“Where the real losses happen, real action will be taken,” Curry says. “At the moment, the liability, for the most part, lies with the card issuers. The key will be ‘who is stuck paying for fraud and when?’”
According to recent research from Javelin Strategy & Research, a Pleasanton, Calif.-based company that provides independent insights into customer transactions, the big-box national retail chains are expected to be fully ready by October, with that readiness trickling down to regional chains in 2016, with more than half of U.S. POS terminals to be EMV-ready by the end of this year, says Nick Holland, Javelin’s head of payments research.
“However, there is a long trail of retailers (58 percent) in the U.S. that have less than 20 employees, and it could take many years for these to transition since they are either unmotivated or still blissfully ignorant about EMV,” Holland says. In fact, as of 2013, more than half of the 500 small and micro merchants surveyed by Javelin “had little or no knowledge of EMV.”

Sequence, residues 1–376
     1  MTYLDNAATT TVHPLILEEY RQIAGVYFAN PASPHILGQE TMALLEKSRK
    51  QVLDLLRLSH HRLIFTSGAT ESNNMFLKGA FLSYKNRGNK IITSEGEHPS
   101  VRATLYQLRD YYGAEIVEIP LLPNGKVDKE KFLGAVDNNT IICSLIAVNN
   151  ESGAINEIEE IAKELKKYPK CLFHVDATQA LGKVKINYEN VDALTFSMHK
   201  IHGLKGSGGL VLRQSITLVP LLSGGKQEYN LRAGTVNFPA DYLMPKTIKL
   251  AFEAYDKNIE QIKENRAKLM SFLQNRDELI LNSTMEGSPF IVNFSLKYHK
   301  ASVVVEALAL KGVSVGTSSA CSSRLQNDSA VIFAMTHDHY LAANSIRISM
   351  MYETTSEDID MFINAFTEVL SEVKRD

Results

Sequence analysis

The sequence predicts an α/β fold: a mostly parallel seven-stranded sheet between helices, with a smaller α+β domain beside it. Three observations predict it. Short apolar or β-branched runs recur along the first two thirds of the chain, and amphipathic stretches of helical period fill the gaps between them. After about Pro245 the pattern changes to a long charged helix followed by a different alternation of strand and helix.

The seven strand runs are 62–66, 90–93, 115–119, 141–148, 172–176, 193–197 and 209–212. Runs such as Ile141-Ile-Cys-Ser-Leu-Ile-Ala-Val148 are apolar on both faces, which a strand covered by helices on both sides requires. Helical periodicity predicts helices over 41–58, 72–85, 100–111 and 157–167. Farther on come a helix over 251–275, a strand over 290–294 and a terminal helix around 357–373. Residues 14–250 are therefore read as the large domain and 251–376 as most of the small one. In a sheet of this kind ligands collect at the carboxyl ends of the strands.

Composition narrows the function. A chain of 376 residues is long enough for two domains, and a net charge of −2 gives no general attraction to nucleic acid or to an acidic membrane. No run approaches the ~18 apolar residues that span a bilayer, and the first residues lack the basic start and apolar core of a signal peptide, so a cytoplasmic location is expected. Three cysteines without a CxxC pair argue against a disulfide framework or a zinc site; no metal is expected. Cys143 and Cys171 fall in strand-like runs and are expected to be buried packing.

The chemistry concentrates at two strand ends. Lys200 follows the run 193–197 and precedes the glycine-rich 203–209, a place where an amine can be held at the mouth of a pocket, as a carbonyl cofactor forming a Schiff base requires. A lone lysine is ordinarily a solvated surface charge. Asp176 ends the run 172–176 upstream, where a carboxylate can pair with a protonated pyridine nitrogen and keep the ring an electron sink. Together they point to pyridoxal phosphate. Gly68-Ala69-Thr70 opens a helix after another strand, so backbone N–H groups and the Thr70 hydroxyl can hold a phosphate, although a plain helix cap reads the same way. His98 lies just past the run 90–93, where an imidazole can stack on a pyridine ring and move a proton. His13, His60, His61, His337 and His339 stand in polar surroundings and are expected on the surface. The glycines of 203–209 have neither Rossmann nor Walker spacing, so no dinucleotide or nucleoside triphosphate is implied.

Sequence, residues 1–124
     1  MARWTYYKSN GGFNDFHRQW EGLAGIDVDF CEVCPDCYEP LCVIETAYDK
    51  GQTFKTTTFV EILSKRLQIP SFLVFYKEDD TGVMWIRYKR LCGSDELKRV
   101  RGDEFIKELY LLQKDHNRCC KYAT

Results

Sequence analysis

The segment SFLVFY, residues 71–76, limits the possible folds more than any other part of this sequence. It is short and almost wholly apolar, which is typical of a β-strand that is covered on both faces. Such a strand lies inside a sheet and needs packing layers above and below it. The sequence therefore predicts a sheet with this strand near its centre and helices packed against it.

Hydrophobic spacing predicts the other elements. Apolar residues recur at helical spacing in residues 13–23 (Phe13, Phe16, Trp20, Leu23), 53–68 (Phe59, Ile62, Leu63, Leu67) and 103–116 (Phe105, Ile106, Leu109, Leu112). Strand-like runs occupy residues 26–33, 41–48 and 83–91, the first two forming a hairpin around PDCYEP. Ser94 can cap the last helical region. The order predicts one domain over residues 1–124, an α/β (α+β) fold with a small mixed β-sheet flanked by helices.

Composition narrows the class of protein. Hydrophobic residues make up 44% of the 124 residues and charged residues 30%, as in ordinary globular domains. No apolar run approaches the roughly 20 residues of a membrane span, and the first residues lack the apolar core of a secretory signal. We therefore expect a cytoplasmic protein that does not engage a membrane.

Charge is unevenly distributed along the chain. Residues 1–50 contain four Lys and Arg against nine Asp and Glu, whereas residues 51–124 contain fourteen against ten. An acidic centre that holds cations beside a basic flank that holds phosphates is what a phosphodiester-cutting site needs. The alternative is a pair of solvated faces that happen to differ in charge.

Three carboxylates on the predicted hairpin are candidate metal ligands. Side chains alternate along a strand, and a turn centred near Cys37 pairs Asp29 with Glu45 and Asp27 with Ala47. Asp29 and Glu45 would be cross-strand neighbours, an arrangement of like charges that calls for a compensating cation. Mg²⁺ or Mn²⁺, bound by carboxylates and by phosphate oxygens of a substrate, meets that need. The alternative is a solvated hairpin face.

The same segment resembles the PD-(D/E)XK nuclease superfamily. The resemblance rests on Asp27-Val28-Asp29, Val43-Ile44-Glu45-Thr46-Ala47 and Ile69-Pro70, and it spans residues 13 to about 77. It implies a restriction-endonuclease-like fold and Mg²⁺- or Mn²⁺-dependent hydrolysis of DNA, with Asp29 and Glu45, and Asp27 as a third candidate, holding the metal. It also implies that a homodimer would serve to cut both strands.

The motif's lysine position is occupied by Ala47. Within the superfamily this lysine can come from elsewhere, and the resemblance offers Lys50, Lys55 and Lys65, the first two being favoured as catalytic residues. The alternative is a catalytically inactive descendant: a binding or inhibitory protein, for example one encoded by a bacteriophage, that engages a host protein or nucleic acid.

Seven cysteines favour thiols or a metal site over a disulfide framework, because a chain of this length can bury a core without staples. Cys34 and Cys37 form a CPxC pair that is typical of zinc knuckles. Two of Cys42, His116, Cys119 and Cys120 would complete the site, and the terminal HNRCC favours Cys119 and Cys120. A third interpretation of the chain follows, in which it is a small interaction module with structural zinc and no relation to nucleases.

Holland adds that on the issuer side, “there is momentum building and certainly we are seeing an acceleration of portfolio replacements.” Just last year, Holland says, it was anticipated that most issuers would take three years to entirely replace their card portfolios with EMV-compliant chip cards. But as of early 2015, Holland says that many issuers are shortening this rollout timeframe to 18 months or even nine months. “However, as with the merchants, there is a long trail of regional banks and credit unions in the United States that may drag behind with deployment,” he adds.
Boston-based independent research and advisory firm Aite Group offers a similar assessment: 70 percent of credit cards, 41 percent of debit cards and 59 percent of POS terminals in the country will be EMV-capable by the end of this year, according to Julie Conroy (left), research director for the Aite Group’s retail banking practice. “The issuers are in good shape, with the little guys trailing a bit,” says Conroy. But she echoes the sentiment that for merchants, the reality of buying, installing, testing and certifying a whole new system for payment is making more work and delaying their efforts. In particular, getting all their new POS terminals certified for use with all payment brands, transaction configurations and types is creating a “huge bottleneck” for the merchant community.